Part 3 Chris Standen : Forty reasons why Westconnex fails to meet objectives

(Ed.: This is part three of a submission to the New M5 EIS process by Chris Standen, a transport modeller and specialist. Read Part One and Two.) 

Westconnex has key objectives that the whole project is supposed to meet.

The stated objectives for the project were contrived to fit the project after it had already been announced. In a democratic strategic planning process, objectives are set first based on the needs and desires of the community, and then alternative projects/policies are appraised against their ability to meet those objectives.

Westconnex’s stated objectives have no associated targets by which their achievement can be ever be determined. For example, how can it ever be determined if the objective to “maintain regional air quality” has been met?

Objectives/targets need to be:

  1. Specific
  2. Measurable
  3. Achievable
  4. Relevant
  5. Time-bound

Even though the objectives of Westconnex have been contrived to fit the project, the project still does not meet them.

Each objective below is accompanied by an explanation of why the project does NOT meet that objective. ( Ed: We counted them and there are 40) 

  1. Support Sydney’s long-term economic growth through improved motorway access and connections linking Sydney’s international gateways and south-western Sydney and places of business across the city. 
  • There is already an extensive and high–capacity road and motorway network linking Sydney’s international gateways (Sydney Airport and Port Botany), Western Sydney and places of business across the city. The operation of this network could be improved significantly with demand management such as road pricing reform. There is no need for costly and destructive new motorways.
  • The most efficient and economical way to link large trip generators is with mass transit. A single motorway lane can transport only 2000 passengers per hour, under ideal conditions. A single railway line can transport 20,000 passengers per hour.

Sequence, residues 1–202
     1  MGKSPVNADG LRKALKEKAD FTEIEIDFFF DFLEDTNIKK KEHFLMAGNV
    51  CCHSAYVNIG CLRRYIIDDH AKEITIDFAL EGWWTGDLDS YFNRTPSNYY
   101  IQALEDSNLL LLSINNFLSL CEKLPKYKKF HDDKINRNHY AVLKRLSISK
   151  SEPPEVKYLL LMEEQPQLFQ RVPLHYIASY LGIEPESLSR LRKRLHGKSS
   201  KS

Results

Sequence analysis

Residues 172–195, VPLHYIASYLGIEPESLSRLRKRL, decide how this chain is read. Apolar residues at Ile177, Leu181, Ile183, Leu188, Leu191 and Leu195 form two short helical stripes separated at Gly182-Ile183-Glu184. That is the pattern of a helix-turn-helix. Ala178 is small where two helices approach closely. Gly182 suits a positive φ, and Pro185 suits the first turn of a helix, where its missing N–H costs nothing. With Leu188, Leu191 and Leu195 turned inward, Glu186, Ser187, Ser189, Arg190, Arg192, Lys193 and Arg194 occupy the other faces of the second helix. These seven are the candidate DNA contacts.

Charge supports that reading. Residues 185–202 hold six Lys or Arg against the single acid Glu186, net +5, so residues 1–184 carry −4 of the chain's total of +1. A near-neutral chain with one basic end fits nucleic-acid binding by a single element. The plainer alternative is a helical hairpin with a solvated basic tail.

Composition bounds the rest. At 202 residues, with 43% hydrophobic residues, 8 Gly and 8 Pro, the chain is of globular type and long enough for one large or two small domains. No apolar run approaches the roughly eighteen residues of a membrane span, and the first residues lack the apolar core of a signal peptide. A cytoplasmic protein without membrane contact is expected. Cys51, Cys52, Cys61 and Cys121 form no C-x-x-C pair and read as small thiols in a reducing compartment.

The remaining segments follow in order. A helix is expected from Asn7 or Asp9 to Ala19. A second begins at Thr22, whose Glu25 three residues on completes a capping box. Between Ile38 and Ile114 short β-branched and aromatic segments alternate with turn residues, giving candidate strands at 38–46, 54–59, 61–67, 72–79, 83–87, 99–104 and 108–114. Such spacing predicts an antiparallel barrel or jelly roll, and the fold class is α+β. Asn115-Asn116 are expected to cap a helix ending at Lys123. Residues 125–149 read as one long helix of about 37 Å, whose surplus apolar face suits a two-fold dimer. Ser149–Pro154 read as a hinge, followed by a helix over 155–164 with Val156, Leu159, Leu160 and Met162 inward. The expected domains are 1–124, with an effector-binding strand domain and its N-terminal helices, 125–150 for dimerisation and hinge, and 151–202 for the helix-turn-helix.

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Part 2 Chris Standen: New M5 EIS fails to meet requirements

(Ed: The New M5 is being assessed under State Significant provisions of the NSW Environment, Planning and Assessment Act. Under this law, the Department prepares  the Secretary’s Environmental Assessment Requirements (SEARs). You can read a full copy of the SEARS here.

This is the second part of  Transport planning and modelling specialist Chris Standen’s  four part submission. In this part, Standen analyses the SEARS and finds the EIS does not meet a number of requirements. It’s worth noting that some local Councils and other experts agreed with Standen that the M4 EIS requirements were not met by the Westconnex EIS.  The failure to meet requirements should be a serious matter that if allowed to pass without examination undermines the entire assessment process. No decision has been made on the M4 East project yet.

( If you have missed the first part of his submission, read it here.)  

The submission has been presented by the People’s M5 EIS is a format that suits wordpress. The full submission will be uploaded later on the People’s M4 EIS. You can use this and other submissions on the People’s M5 EIS to develop your own response. 

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SEARS

Alternatives

The SEARS provide for  an analysis of feasible alternatives to the carrying out of the proposal and proposal justification, including:

  • an analysis of alternatives/options considered, having regard to the proposal objectives (including an assessment of the environmental costs and benefits of the proposal relative to alternatives and the consequences of not carrying out the proposal), and whether or not the proposal is in the public interest,
  • justification for the preferred proposal taking into consideration the objects of the Environmental Planning and Assessment Act 1979,
  • details of the alternative ventilation options considered during the tunnel design to meet the air quality criteria for the proposal,
  • details of the short-listed route and tunnel options from the tender process and the criteria that was considered in the selection of the preferred route and tunnel design, and staging of the proposal and the broader WestConnex scheme, and in particular access to Sydney Airport and Port Botany and improved freight efficiencies.

Standen’s finding: FAIL 

Comment: The EIS does not include cost-benefit analysis, modelling, or any other objective analysis of feasible alternatives. Only cursory descriptions are provided.

No alternative staging strategies are described or objectively assessed. Continue reading